Confidence Games and/as Modern Times – Round table.

 

Our first event of the term at the Centre for Modern & Contemporary History is upon us! All welcome and details are below.

 

Confidence Games and copy 2

Abstracts:

 

The Confidence Game of the Chicago School

 

Prof Matt Houlbrook

(Birmingham)

 

It is easy to find the confidence trickster anywhere, if you are looking closely enough. The global networks of trade and empire along which people and goods moved from the sixteenth century, the expanding cities of the modern United States, and the turmoil of revolution and civil war in the new Soviet Union: in each of these contexts the trickster was identified as characteristic or archetypal. Mobility and anonymity provided opportunities for personal reinvention and social advancement. They also allowed fakes and frauds to flourish, created intense anxieties about the difficulties of trusting those one met, and ensured social interactions and commercial exchange were haunted by the possibility of deceit. Britain’s bogus honorable and Weimar Germany’s hochstapler; Herman Melville’s Confidence-Man; Al-Hasan al-Wazzan and Martin Guerre; Felix Krull and Ostap Bender; Netley Lucas. The paradox of the trickster was that they seemed both universal and exemplary of their time and place. What, then, should we do with these elusive figures as historians?

 

 

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Of Spongers, Sharpers, and Cannibal Eunuchs: Swindle Story Collections around the World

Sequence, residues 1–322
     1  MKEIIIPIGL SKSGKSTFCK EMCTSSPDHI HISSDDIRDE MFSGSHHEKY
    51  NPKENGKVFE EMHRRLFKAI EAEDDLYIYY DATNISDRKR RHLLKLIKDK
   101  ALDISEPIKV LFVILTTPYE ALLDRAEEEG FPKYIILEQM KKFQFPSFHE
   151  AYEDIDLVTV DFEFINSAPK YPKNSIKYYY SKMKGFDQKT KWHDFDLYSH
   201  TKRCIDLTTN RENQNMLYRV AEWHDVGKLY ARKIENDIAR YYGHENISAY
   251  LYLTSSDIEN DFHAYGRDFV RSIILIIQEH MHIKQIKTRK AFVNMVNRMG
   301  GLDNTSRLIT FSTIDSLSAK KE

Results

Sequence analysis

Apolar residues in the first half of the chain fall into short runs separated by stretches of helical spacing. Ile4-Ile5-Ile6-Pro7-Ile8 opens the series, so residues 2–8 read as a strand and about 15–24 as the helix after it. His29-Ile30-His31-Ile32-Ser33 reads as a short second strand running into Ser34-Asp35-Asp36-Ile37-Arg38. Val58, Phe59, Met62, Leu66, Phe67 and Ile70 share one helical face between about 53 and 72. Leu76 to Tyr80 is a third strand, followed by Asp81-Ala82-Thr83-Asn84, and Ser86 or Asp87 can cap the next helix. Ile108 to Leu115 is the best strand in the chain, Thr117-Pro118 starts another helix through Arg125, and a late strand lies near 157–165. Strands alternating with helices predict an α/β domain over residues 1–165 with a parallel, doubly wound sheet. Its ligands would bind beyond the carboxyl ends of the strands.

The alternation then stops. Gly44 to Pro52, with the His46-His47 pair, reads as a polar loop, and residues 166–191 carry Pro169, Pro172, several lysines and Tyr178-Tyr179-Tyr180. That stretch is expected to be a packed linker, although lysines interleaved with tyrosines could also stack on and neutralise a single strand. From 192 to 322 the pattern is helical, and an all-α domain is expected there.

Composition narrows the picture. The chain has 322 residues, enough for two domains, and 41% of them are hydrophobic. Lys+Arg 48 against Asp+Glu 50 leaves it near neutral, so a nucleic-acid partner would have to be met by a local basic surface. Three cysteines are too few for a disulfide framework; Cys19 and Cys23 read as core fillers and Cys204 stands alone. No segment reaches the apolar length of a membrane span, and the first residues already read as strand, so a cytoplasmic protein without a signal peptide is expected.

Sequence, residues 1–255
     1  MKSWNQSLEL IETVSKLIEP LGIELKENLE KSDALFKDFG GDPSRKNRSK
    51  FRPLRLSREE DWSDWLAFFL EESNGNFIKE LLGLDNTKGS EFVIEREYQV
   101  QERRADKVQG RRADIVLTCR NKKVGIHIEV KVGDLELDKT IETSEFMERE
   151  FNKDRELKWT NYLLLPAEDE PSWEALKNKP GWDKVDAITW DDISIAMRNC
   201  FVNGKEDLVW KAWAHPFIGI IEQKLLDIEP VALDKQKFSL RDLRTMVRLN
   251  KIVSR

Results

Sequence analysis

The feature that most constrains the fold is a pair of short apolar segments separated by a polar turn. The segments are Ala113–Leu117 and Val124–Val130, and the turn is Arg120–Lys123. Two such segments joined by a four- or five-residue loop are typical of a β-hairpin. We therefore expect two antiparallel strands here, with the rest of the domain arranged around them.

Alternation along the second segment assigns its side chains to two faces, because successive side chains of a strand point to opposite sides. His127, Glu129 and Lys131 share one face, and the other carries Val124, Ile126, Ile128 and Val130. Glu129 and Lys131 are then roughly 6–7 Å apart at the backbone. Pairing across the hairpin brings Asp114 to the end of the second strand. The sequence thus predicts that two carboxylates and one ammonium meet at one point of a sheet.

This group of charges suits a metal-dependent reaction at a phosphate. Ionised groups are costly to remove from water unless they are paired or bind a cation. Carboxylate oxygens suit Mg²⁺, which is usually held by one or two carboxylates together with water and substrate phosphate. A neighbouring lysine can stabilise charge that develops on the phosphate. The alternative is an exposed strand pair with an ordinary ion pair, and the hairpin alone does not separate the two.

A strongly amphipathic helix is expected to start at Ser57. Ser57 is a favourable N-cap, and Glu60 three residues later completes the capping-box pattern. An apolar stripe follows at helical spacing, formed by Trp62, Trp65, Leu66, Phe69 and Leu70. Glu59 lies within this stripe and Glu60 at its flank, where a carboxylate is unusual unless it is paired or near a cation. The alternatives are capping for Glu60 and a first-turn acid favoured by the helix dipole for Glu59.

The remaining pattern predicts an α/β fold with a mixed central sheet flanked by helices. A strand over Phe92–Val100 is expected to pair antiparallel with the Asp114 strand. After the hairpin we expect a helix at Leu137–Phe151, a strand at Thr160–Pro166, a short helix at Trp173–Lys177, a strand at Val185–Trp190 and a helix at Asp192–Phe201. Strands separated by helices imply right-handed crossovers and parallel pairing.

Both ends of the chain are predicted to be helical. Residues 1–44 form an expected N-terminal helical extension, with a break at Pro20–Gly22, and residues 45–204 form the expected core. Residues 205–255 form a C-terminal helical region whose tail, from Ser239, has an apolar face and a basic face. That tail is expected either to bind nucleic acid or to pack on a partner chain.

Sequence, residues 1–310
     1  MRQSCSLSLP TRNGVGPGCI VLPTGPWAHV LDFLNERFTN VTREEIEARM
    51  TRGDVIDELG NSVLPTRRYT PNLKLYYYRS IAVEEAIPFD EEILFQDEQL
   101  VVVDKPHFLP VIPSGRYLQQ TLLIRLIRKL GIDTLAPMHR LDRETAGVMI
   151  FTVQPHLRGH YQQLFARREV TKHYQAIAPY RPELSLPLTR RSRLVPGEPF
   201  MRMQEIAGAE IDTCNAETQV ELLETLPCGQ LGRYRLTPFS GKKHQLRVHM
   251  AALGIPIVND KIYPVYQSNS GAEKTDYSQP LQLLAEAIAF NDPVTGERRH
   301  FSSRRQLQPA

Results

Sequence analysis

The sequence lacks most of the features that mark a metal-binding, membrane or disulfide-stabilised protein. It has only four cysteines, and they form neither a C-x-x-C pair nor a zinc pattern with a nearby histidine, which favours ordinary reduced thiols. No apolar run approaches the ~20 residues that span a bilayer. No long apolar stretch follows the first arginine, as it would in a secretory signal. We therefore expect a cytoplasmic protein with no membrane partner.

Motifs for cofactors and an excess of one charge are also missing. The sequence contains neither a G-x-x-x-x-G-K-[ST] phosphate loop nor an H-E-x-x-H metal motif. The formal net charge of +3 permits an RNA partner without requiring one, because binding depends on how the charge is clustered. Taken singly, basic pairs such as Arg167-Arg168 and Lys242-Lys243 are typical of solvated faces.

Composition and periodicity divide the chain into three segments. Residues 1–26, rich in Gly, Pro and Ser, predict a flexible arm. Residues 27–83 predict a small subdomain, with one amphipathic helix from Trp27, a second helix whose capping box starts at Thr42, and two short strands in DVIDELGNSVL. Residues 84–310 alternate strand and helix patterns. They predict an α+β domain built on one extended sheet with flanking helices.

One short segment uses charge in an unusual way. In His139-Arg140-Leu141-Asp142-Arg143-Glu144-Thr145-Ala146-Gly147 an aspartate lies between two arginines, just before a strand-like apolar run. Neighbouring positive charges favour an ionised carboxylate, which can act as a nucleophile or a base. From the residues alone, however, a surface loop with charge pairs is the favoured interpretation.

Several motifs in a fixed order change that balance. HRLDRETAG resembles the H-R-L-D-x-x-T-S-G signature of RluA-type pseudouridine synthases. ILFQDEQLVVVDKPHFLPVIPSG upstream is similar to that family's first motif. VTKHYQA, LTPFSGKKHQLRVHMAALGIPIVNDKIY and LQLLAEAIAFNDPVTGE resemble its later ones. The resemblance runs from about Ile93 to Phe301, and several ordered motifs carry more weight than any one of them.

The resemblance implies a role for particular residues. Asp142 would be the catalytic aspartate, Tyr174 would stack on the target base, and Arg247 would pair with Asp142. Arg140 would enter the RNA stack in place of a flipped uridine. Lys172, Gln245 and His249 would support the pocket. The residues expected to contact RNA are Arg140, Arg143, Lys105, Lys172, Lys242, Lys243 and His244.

Prof. Christopher Rea

(University of British Columbia)

 

Why do collections of swindle stories appear at certain times and places? In China, for example, the swindle story has experienced bursts of popularity during the late Ming, the early Republican era, the early Mao era, and during the last 20 years. And comparable works exist around the world. What, for example, do Zhang Yingyu’s Book of Swindles (Ming China, 1617), Richard King’s The New Cheats of London Exposed (Georgian England, 1792), and P.T. Barnum’s The Humbugs of the World (Reconstruction-era United States, 1867) have in common—and how do they differ? Swindle stories, clearly, serve a double purpose: they teach techniques for navigating perilous social environments, and they entertain. But their authors tend to frame these narratives within a questionable claim: that ours is an age of unprecedented peril. Focusing on the example of China, this talk will highlight one thread running through literary history: connoisseurship of the swindler’s ingenuity.

 

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‘All That Is Solid Melts into Air’: Modernity and the proliferation of liminality.

Dr. Lucie Ryzova

(Birmingham)
Tricksters are creatures of liminality. I will first broaden our discussion by looking at the nexus of modernity and liminality. Modernity is a historical condition in which transition becomes permanentized. The acceleration of time, shrinking of space, mass-mediated popular culture and unprecedented social mobility all worked to normalize fluidity and bring about new configurations of personhood. ‘Becoming another’ became a reality for many, and a fantasy for many more. Novel cultural practices and forms emerged that allowed for a ritualised consumption of this permanent flux and where liminality and enchantment could be safely indulged. I will use as example the photographer’s studio, a place of modern magic where anyone could momentarily transform the self into another. Secondly, I will present some thoughts on whether late modernity, specifically the current crisis of capitalism, creates the conditions in which trickster figures proliferate. Here I will propose to understand late capitalism through another archetypal figure of liminality, notably that of a vampire.

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